VDH has a colum up about Michael Jackson. It is typically thoughtful, but I have some nits to pick. This observation is on the money:
In truth, almost everything about the Jackson persona proved to be fantasy — an Oz-like projection on the screen powered by a strange fellow behind the curtain desperately struggling with gears and levers.
How then will posterity assess Michael Jackson? Thriller remains the best-selling record of all time, and a number of his others were nearly as successful. His stage magnetism rivaled that of Frank Sinatra and Elvis Presley. And yet few of Jackson’s hits are memorable in the way that dozens of songs of the Beatles or Bob Dylan continue to reverberate timelessly through popular culture.
I think Dr. Hansen underestimates both the music and its influence. The title song of that album is deeply embedded in the culture. In fact, I have a funny story to tell. At the WALL-E wrap party I heard there’d be a surprise at about 10:00 if I hung out in this one area. Meanwhile, I had noticed quite a few unaccompanied young women who didn’t seem to be with anybody in particular and didn’t quite fit in with the crowd. Well, at the appointed hour they formed up into a triangle and Thriller pumped out of the sound system. They did the whole dance, and then led everybody, Pied-Piper style, to the dance floor. Turns out they were the 49ers cheerleaders hired just for that gag. (I work with the best people in the world.)
There are other Michael Jackson songs which will be around for a good long while. Don’t Stop ‘Til You Get Enough, Billie Jean, and Bad are all as instantly recognizable as any Sinatra tune. A few, like Human Nature, are also as sublime as anything from Dylan.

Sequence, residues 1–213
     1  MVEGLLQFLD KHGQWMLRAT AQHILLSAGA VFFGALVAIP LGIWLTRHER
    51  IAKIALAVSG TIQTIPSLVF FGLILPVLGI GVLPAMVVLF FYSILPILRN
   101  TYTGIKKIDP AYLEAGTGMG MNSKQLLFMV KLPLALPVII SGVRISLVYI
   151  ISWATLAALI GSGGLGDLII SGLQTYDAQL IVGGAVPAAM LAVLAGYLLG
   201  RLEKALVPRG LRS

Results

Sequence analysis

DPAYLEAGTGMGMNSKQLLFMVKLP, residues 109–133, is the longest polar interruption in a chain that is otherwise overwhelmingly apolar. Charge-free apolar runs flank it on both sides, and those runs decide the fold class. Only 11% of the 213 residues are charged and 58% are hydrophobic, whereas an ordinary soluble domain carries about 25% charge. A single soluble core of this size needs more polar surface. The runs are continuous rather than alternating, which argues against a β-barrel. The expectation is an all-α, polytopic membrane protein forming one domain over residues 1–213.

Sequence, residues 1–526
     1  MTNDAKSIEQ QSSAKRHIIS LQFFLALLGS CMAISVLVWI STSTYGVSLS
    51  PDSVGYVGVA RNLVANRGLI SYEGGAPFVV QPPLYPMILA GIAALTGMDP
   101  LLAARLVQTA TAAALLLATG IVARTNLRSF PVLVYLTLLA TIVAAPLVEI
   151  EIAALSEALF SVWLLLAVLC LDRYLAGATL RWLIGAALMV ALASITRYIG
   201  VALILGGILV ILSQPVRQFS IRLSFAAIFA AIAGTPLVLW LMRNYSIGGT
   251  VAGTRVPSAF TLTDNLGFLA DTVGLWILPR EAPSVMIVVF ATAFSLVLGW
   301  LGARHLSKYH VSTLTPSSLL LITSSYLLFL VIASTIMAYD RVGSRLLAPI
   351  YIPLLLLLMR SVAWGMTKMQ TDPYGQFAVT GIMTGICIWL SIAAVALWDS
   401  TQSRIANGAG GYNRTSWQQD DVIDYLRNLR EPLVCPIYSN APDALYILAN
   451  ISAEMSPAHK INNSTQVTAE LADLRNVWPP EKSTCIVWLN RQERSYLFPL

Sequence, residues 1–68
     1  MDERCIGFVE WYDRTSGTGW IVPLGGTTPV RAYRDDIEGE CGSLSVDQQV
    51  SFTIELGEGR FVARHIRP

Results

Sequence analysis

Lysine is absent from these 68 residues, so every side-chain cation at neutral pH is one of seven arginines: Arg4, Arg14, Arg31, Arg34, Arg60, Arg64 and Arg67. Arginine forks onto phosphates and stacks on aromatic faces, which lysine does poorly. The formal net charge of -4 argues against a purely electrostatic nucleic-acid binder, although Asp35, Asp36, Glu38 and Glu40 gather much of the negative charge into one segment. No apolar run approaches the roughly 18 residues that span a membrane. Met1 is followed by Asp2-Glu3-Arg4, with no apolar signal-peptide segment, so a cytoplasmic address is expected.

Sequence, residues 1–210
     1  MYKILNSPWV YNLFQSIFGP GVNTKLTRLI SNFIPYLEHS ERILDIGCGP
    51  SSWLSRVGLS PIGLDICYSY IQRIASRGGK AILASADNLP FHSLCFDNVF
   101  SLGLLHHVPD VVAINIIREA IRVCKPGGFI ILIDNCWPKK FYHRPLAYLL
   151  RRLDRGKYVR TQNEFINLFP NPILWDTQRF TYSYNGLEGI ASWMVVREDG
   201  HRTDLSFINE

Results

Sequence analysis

Here is where I think VDH has just missed the target:
The kindly and soft-spoken Jackson may have given millions to children’s charities and built a child’s dream theme park at his Santa Barbara Neverland ranch. He even talked in near-childlike fashion. And yet, on two occasions, the children’s advocate was accused of sexual molestation of boys. He settled out of court in one instance and was acquitted in a criminal trial on the second, but Jackson strangely said he saw nothing wrong in sharing his bed with minors.
I believed Jackson. I don’t think he saw a thing wrong with sleeping with boys because he still was, or desperately wanted to be, a boy himself. (NB: He was acquitted.) Was Jackson messed up? Wholesale. He was as normal, though, as anybody was likely to be having been robbed of his childhood, made insanely successful at a tender age, and having such an abusive creep for a dad. I mean, so creepy that he used the occasion of his son’s tragic death to pimp his own record label.
Peter Pan was born because J. M. Barrie’s brother was killed, a boy robbed of his life. Michael Jackson was dead inside because he was robbed of his life at an age before most of us were out of kindergarten. His sexualized “acting out” on stage with the crotch grabs, etc. don’t seem unexpected in that context. As VDH correctly notes, fantasy was all he had. While some of it is forgettable (and not everything Sinatra crooned was a winner, either) we’re lucky we got as much good music and dancing as we did from this sad figure.
The story of the real-life Peter Pan was even more tragic than the one in the book.